“Communication, often because of language barriers you rely more on your other senses. Eye contact, body language, tone or pitch of people’s voices and a sense if a place or situation is not good.”

“Being nice and genuinely interested in people around me = the reason it helps is that you can remember people and network, and use your connection to connect other people – helping other people get what they want is helping yourself in the long run.”

“The ability to listen and appreciate people.”

“Listening to people’s stories. Since I was 13, I always wanted to know people’s stories. At 59, I’m still asking questions to learn from people.”

“Treat people as equals no matter where in the world.”

“Being a nice person.”

“Communication- through meditation and insight.”

“To not be afraid to say “Hello” to anyone. That simple word can get you many places.”

“Being able to connect with people very quickly by being empathic, a good listener and highly adaptable to people of various backgrounds, personalities and viewpoints.”

“Altruistic and willingness are two of them. I’m able to work in a team and independently. Also, I can make people feel comfortable.”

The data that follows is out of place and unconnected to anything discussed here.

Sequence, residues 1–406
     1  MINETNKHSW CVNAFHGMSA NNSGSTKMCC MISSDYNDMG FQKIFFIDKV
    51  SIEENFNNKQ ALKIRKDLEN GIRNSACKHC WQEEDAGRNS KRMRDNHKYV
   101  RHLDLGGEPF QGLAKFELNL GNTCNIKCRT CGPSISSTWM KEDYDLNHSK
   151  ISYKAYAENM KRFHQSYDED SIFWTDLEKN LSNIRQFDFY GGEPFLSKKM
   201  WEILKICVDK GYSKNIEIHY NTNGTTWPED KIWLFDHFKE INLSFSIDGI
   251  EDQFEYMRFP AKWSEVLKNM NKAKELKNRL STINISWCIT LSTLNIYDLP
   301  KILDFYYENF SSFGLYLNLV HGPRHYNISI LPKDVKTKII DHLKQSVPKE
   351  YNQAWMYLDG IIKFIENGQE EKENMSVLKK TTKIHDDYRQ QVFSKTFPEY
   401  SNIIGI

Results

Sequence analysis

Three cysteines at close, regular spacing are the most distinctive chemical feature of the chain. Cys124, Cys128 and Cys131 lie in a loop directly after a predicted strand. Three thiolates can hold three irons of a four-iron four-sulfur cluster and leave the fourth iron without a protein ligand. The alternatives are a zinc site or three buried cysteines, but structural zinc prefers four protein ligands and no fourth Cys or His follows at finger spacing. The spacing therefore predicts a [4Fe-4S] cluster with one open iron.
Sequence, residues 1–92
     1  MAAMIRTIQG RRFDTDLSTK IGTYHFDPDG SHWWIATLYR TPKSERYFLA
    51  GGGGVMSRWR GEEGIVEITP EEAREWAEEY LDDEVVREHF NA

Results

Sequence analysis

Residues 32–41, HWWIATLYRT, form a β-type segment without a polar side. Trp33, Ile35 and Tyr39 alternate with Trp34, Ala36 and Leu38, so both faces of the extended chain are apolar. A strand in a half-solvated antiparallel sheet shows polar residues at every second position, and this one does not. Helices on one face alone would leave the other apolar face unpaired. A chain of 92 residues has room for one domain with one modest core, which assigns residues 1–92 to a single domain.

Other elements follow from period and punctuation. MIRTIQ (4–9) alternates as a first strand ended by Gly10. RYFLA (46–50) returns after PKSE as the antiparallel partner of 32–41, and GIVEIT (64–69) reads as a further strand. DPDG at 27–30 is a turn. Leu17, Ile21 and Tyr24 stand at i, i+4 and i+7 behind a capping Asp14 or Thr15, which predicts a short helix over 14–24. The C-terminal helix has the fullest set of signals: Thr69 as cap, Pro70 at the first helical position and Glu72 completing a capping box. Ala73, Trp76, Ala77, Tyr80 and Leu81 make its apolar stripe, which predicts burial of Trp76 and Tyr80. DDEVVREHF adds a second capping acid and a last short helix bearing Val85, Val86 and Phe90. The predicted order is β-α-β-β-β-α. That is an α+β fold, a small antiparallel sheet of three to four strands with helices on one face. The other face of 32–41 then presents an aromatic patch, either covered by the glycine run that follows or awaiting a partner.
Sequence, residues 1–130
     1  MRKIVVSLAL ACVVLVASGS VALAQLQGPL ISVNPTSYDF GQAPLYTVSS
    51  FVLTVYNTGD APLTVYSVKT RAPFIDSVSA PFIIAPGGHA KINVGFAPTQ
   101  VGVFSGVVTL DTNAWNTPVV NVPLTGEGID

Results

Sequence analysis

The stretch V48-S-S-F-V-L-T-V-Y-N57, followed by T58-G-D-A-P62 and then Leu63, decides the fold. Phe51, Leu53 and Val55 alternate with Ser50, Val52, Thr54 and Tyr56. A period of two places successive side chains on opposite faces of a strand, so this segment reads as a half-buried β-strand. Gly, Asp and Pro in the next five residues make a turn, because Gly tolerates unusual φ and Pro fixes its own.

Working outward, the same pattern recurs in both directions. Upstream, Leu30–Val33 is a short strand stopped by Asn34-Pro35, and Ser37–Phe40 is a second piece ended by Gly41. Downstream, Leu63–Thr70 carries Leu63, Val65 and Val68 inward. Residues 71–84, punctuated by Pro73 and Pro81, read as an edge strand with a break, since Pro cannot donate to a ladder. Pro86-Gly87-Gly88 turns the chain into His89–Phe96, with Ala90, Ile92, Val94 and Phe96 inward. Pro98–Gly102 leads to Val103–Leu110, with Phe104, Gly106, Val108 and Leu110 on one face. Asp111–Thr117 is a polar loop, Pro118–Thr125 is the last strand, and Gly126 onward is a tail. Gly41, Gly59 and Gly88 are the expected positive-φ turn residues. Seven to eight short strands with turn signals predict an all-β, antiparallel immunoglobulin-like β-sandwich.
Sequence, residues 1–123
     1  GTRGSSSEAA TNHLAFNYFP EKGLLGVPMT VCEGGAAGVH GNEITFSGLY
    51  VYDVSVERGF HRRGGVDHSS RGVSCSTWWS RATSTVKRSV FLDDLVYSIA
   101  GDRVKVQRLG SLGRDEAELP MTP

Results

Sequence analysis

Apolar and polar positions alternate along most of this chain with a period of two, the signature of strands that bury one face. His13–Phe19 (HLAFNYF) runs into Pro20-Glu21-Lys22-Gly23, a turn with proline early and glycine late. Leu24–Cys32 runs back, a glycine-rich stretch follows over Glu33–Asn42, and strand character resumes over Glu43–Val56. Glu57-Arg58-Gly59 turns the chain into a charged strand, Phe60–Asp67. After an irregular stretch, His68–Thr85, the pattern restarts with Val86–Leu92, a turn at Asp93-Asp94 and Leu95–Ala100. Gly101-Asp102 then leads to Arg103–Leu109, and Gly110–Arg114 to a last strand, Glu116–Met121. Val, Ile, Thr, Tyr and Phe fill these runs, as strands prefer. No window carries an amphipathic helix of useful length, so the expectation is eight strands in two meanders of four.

3. Perseverance/ Persistance/ Resilience (10)

Third is the tough-mindedness that many nomads have to possess to deal with uncertainty and the last-minute changes that seem to come with life on the road.

“Steadfastness. Never giving up as long as I have breath in my lungs. I believe in humanity and this is how I give back.”

“Determination for sure”

Tenacity in my darkest hours!

“Challenges aren’t a reason not to do something. They’re just problems you’ve not solved yet.”


“Calmness in the face of trouble. I developed this early in life when I was an EMT second and third shift.”

4. Sales Skills (9)

This one may come as a bit of a surprise, but sales skills came up among the useful skills for a digital nomad. These skills can be useful as many digital nomads will work for themselves trying to leverage a travel brand into a lucrative business, but can also help you in all areas of your life.

“Sales are a life skill. We all are sellers from our childhood. An example is when a kid asks their parents to buy a toy. Well, children are usually horrible sellers, but by knowing how to properly communicate and persuade you basically can get what you want. So sales are more like a combination of good communication skills and very good listening.”

“Sales” + “Something” is the skill that will allow you to be a digital nomad (with luxury). While you might be good at anything, if you are not able to sell that (directly, digitally whatever it may be), it will become difficult. I think most in the group would agree.”

“Sales. If you can sell with confidence you will always be taken care of.”

“My good customer care skills. Helps with Clients from all over the world and when talking to locals where there’s a language barrier.”

“Closing the deal. In the freelance industry you don’t just need to earn the trust of clients but also be able to let go of a few things to maintain good business relations.”

5. Open-mindedness (7)